PROGRAMS

#book-workshop

BOOK A WORKSHOP!

U-Learn is designed to work with communities and groups based in Melbourne’s Westerns suburbs and other fringe municipalities. So if you’re a local government agency, a non-profit of business in one of these suburbs, you’ve come to the right place!

 You are welcome to select a program from our existing and previous programs below, or book in a catch-up to discuss unique objectives for your community.

The problem we solve:

Young adulthood is all about major transitions such as moving out of home, becoming financially independent, getting into your first serious relationship, being exposed to different cultural norms/belief systems, establishing a sense of identity and more.
Life circumstances that require emotional intelligence and life skills, which is not an explicit focus during schooling years, but vital to navigate the mentioned circumstances in the complex society we live. Social and emotional skills have also been linked with building resilience, gaining greater life satisfaction and better overall health.

What we cover:

  • An understanding of key transitional periods 
  • Skills and tools that support experiencing change
  • Create a safe space that builds confidence and  networks for their experience in young adult life
  • Opportunity for participants to have a say in the running of the program

The problem we solve:

Between 2000 and 2016, 2.2 million permanent migrants arrived to Australia, according to the 2016 Australian Census and Migrants Integrated Dataset. This may be as skilled migrants/permanent residents (58%), here with their families or humanitarian migrants (10%; also referred to as “refugees/asylum seekers”). This transition for the country creates a richness of diversity, but for individuals, this is a daunting experience, particularly for those with minimal social and economical capital. Lack of exchange in resources and information can create a feeling of uncertainty, stress, anxiety and dis-empowerment.
Transitioning countries are life circumstances that require emotional intelligence and life skills, which is not an explicit focus when migration is considered, but vital to navigate the mentioned circumstances in the complex society we live. Social and emotional skills have also been linked with building resilience, gaining greater life satisfaction and better overall health.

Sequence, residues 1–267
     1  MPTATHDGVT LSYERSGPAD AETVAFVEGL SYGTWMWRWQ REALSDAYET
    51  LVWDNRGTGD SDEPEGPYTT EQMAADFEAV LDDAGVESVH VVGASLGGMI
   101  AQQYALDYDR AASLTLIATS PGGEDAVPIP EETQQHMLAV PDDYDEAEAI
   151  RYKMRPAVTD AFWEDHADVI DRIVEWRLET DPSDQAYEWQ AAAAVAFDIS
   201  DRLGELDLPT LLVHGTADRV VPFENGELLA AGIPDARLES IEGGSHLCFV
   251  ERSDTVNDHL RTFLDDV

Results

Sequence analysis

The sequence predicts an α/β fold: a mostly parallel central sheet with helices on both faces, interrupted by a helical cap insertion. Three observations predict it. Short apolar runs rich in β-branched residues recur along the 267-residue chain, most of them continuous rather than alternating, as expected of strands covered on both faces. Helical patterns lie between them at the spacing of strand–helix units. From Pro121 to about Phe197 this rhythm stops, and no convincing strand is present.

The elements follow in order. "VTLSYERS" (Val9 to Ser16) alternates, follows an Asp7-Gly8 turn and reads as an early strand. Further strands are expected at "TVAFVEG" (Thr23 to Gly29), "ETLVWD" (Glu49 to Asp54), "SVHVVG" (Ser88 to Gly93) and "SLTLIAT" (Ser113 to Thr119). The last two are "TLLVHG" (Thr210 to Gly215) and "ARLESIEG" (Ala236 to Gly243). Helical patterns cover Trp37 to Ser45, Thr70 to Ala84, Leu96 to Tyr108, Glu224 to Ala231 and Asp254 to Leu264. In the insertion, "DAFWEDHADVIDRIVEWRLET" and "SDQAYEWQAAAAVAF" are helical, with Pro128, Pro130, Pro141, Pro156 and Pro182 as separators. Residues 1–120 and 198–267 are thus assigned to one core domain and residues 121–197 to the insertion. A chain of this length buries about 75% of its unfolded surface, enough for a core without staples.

What we cover:

Inform and discuss different existing systems in Australia important for when you first land in Australia, including:

  • political systems,
  • educational systems,
  • social systems, and
  • economical systems

The problem we solve:

In the 21st century, the world is facing major shifts, most prominently urbanisation, globalisation and advancement of the technology at a rapid rate, and now how to navigate social distancing. What this means is that we’re more connected than ever and learning from parts of the world that we were previously not connected to, but also it means that we’re exposed to different cultures, religions, and ways of life constantly. As a result, information and interaction continues to empower people but can also present challenges including misinformation, conflict amongst differing opinions and a decrease in the overall health and well-being of a society.

What we cover:

Programs under this banner are designed to have discussions about the experiences we have as we transition into the digital and globalised world, including:

  • intercultural engagement and multiculturalism
  • navigating an digital social world
  • having robust discussions about social issues, politics and more

The Connecting Cultures program:

Connecting cultures is about bridging gaps between cultural, religious and geo-location groups across Australia to create a more cohesive and inclusive society. This was a 6 month capacity building program, where participants take part in monthly workshops, meet subject matter experts and work collaboratively to address common goals.

The program was open to anyone aged 18+ and specifically designed for:

  • community leaders
  • individuals who run local community groups and organisations
  • local residents who are well connected in their communities

Over the course of the sessions, participants spoke about their own cultures, intercultural-ism, breaking down stereotypes and work on project planning skills. Participants were welcomed to a celebratory event after the capacity building sessions. The first session will include an opportunity to inform the rest of the program and information.

Study Melbourne

The Huddle

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